One of those warts-and-all moments was Bob Murray deciding on which gold taps to install in the new boardroom’s bathrooms. As the club had been relegated when the episode was broadcast, this was perceived by some as fiddling while Rome burned.
Somewhat unfairly. The new stadium was built to last at least a century and someone had to make such decisions. What would the reaction have been had the taps been bought for a tenner from MFI?
The main appeal of Premier Passions was its access to the usually sacrosanct dressing room, which also meant a 10.50pm scheduling.
At a press conference held three weeks ahead of the first broadcast, reporters were shown clips of manager Peter Reid using his undeniably fruity vocabulary to make his feelings plain to his players.
Tabloid journalists seized on this. The first question at the conference was about swearing, with “BLUE PETER” among the more memorable headlines (bad language in newsrooms was evidently unheard of).
Shock was affected that an angry, working class bloke with a noted competitive streak didn’t speak like a Radio 4 announcer. The clue was in the show’s title and 3.5 million viewers made just four complaints.
However, Reid was the undoubted star of the show, partly due to his pyrotechnically foul language (he later expressed concern that his Auntie Mary would be watching).
Viewers also wondered how “HEY! RELAX!!!” being screamed from the touchline could possibly have the desired effect. Reid’s dressing room “chats” were later parodied in the film Mike Bassett: England Manager.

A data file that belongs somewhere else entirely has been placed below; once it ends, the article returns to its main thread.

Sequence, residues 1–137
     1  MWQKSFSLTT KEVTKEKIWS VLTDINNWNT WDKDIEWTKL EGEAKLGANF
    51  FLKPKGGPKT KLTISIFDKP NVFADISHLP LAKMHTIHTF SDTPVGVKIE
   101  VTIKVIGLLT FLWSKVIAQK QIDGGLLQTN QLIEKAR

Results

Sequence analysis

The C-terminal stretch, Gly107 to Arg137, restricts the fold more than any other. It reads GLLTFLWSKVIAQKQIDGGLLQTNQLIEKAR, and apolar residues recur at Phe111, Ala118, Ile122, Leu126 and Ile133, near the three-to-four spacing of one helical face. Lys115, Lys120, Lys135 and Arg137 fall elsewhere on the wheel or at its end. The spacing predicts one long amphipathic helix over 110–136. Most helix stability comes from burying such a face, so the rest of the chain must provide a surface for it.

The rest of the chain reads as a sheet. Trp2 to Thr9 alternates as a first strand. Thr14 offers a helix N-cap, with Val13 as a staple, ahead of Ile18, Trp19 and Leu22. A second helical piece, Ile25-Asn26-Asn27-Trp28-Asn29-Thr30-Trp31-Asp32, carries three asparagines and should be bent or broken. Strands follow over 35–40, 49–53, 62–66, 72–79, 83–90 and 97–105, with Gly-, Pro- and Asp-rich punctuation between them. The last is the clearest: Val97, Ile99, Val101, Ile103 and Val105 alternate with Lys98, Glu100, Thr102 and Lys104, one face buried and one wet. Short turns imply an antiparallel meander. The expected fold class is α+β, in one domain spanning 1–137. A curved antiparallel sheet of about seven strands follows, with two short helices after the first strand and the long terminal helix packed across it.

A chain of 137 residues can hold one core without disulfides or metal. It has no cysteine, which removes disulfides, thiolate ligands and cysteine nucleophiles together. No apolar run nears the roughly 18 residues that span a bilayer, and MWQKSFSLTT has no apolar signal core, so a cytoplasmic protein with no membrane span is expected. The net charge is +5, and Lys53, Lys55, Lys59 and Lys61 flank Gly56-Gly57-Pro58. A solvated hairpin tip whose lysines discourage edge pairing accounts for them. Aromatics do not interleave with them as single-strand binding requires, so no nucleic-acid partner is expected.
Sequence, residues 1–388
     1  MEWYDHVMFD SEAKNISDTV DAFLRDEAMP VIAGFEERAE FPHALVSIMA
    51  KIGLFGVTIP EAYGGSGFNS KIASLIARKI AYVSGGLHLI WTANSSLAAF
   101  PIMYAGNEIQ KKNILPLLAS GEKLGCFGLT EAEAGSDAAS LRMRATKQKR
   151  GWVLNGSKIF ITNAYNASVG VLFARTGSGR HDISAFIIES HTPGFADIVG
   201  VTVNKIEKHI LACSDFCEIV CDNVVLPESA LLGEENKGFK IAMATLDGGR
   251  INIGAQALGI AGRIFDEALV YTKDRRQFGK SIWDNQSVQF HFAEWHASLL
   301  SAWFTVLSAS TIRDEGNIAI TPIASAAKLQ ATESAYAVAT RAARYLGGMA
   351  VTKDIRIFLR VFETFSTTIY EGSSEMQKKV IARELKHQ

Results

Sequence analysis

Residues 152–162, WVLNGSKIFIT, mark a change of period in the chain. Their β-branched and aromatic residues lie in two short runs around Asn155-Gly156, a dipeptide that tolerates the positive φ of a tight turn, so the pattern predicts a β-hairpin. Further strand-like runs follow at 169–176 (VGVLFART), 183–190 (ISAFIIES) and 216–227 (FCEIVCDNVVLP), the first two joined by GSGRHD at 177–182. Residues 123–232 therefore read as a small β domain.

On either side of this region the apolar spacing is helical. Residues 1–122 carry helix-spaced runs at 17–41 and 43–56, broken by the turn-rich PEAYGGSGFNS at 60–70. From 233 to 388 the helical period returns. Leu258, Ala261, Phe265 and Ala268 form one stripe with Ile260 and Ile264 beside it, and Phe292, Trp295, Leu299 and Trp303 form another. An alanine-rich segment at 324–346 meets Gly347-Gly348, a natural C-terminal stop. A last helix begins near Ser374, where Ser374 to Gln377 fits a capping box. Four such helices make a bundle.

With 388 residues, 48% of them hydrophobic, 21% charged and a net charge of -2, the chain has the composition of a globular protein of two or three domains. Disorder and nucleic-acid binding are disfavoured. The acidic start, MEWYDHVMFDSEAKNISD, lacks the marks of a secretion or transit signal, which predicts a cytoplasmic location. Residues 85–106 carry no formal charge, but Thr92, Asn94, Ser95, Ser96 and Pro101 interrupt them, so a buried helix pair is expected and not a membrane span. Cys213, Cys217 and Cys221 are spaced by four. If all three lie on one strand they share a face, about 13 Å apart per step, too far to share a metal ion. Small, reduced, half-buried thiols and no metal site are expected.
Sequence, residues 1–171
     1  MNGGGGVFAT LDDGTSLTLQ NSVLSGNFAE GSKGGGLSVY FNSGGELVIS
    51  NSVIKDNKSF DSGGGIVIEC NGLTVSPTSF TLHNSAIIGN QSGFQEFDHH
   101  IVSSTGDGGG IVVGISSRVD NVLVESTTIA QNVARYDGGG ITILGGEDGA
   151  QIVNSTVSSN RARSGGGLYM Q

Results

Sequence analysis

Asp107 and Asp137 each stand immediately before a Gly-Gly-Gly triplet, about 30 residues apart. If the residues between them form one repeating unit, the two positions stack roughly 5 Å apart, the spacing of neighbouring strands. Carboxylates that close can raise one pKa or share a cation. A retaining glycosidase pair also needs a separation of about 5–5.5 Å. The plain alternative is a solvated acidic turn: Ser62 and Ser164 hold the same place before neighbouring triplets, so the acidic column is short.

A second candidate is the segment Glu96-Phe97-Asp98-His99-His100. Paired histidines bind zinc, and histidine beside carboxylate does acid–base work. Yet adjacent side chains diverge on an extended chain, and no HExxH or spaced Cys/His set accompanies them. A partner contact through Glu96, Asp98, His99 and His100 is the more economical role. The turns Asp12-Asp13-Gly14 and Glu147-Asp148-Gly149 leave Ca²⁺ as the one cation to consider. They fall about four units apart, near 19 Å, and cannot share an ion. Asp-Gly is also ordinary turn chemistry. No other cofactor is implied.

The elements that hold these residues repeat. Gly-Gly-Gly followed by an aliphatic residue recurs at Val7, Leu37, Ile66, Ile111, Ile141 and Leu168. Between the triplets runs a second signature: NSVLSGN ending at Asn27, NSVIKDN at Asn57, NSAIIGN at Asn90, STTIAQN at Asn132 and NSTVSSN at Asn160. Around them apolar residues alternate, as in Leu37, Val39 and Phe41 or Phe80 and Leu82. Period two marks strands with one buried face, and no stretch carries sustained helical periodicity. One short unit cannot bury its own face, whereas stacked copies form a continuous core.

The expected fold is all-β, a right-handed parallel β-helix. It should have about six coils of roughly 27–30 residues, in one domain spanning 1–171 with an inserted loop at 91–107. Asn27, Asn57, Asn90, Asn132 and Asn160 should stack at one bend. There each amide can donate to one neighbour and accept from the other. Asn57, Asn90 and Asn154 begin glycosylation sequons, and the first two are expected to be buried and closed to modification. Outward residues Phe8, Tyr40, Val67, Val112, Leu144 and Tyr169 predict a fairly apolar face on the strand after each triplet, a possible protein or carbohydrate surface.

How it ended
There were five episodes. Episode four closed with victory over Everton in the final ever real game at Roker Park, May 3, 1997.
So skilfully put together was it, that viewers were lent a strange sense of hope that “Scenario B” could be averted, even though everyone knew that defeat at Wimbledon the following week and relegation awaited in episode five.
Former Sunderland director Lesley Callaghan recently told the Echo why the club agreed to the documentary.
She said: “Nobody amongst us thought we’d be relegated at the end of it. When we made the decision there was £10 million to spend, which seems ridiculously small now, but it was more than we’d ever had to spend before.
“We thought that would be enough to keep us in the Premier League. Then it went to the final game – and it wasn’t the outcome we’d expected.”
If the season ended, to put it mildly, in disappointment for the club and its supporters, the glorious failure was a boon for Premier Passions. The makers knew it would resonate with football fans everywhere. And it did.
When the series ended Lesley Callaghan’s postbag was filled by well-wishing supporters of other clubs.
The last section to be shot was in November 1997. The celebrated Phillips-Quinn partnership was shaping up and so were Sunderland, even if that season ended in yet another glorious failure at the play-off final.
A single-episode follow-up, Premier Pressures, was shown by the BBC in August 1999 when Sunderland were back in the Premier League. Happy days, but it just wasn’t as good. Happiness just isn’t what grabs the viewer.